What You Need to Know for an Ecommerce Website Redesign in 2023

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Is this the year you’re going to redesign your ecommerce website? If it’s been a few years since you have, then you need to know that a lot has changed.

It almost goes without saying that a modern ecommerce site has to be designed for mobile first, as most that I work with now get 70% or more of their traffic from mobile devices. However that’s just a starting point—there are a lot of subtleties to consider if you want to your site to convert users into customers.

I’ve consulted on the usability for a wide range of ecommerce sites over the last five years and I’ve worked out the principles that the best ones follow. I’ll take you through eight ways to make sure your site is up to scratch for today’s user.

The Benefits of Investing in Ecommerce Site Redesign

First, it’s worth establishing why redesigning your website can sometimes be a good idea.

Redesigning your store, or creating a new website from scratch is a time-consuming process. You need to research your market, find the right professionals to work with, test your store upgrades, and even find the right budget for your project. However, the benefits of a redesign can often far outweigh the disadvantages. Provided you’re redesigning your site for a good reason (we’ll cover this in a minute), updating your store can help with:

  • Increasing customer loyalty: A well-designed store doesn’t just make your site more attractive to new customers, it can also improve your chances of retaining existing clients too. If your site is difficult to use, unattractive, or missing crucial features, 88% of customers say they would likely avoid coming back to it. Investing in a website redesign could therefore help you to reduce customer churn, and increase brand loyalty.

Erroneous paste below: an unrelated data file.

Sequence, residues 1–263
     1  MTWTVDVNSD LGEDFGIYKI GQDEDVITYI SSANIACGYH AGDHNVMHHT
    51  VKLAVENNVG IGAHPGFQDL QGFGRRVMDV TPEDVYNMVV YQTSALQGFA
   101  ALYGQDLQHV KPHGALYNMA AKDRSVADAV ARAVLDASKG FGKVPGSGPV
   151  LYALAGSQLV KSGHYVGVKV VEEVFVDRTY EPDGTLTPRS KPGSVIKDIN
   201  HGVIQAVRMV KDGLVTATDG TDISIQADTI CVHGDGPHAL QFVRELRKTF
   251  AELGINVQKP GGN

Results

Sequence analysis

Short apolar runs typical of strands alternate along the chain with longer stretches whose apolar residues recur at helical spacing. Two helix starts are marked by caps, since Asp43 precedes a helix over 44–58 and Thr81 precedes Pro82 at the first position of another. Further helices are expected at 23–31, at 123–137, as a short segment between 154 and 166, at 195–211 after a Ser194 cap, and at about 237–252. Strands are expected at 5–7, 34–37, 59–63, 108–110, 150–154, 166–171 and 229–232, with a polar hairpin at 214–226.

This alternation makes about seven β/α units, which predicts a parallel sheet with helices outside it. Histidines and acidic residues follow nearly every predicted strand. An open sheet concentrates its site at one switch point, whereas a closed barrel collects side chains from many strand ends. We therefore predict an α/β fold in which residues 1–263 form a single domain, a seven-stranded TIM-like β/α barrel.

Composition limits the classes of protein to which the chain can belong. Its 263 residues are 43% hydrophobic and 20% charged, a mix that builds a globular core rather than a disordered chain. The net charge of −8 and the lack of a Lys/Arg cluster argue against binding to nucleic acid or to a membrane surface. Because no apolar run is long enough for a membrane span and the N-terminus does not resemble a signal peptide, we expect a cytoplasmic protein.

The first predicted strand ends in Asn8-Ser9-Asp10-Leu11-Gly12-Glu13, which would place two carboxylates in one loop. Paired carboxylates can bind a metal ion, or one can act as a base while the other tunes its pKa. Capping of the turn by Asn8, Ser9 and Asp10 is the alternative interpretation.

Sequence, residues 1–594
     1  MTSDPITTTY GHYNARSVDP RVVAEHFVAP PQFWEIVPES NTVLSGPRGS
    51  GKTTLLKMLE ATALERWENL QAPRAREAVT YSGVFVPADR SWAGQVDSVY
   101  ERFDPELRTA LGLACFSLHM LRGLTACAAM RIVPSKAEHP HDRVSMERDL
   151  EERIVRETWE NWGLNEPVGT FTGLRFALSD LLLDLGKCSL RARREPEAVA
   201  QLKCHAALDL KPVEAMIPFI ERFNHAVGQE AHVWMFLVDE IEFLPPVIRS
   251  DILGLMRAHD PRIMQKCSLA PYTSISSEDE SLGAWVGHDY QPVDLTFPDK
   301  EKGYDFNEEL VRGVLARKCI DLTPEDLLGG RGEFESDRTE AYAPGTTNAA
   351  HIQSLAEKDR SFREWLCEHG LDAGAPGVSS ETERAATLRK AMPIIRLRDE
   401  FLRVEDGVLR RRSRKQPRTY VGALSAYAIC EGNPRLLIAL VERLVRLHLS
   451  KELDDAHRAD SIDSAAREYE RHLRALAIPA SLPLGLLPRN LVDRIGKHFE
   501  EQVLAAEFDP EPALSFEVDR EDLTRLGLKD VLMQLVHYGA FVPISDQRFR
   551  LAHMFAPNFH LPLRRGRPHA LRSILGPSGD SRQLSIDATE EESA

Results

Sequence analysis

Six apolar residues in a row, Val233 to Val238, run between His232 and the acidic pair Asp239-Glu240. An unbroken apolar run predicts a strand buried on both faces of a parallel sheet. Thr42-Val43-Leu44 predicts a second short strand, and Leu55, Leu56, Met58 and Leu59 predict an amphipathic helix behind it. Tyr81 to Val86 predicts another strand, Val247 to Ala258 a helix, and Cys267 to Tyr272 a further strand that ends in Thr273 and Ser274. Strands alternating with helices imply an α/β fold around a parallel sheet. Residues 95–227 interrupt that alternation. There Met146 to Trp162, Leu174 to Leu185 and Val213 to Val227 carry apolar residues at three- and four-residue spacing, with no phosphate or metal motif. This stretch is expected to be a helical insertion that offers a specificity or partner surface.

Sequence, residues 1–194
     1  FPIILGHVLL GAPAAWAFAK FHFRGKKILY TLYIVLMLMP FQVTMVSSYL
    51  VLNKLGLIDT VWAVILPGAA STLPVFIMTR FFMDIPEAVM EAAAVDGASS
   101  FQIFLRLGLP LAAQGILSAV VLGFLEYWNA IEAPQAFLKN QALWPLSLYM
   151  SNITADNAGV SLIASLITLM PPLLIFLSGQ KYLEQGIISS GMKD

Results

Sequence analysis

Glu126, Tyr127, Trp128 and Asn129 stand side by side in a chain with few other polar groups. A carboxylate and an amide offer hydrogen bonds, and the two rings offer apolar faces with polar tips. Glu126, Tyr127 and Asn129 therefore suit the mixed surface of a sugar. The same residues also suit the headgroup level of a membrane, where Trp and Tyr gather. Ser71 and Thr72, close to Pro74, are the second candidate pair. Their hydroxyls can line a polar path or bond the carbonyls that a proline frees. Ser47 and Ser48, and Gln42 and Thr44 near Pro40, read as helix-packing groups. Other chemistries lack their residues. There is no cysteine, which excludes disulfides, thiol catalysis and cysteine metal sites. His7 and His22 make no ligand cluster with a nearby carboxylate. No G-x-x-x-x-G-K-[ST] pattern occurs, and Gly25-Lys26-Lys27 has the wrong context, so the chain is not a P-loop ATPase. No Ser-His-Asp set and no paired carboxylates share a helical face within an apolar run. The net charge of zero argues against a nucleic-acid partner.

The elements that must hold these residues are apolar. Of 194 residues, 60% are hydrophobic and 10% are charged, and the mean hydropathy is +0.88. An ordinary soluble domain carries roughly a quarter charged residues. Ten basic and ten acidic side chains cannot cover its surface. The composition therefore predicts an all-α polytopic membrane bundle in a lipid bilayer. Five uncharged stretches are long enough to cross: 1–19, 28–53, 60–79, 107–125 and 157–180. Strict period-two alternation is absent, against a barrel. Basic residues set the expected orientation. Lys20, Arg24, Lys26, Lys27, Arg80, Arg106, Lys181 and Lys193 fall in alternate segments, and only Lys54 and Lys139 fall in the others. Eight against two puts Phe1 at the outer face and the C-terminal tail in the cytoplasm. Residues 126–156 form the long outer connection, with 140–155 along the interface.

• Strengthening your brand: Your website is an important part of your brand identity. It has a direct impact on everything from your image, to how you share your personality with customers, and even how you differentiate yourself from your competitors. With a website redesign, you can make sure the core values and benefits of your brand stand out for your target audience. Plus, you can ensure your brand is consistent across all channels.
  • Improving SEO: Redesigning your site can also give you an opportunity to implement new methods of improving your SERP rankings. You can experiment with technical and on-site SEO methods to make sure your site ranks for all the right keywords. Simply improving the user experience of your site also helps to ensure customers stay on your site for longer, reducing bounce rate, and improving your authority in the eyes of Google.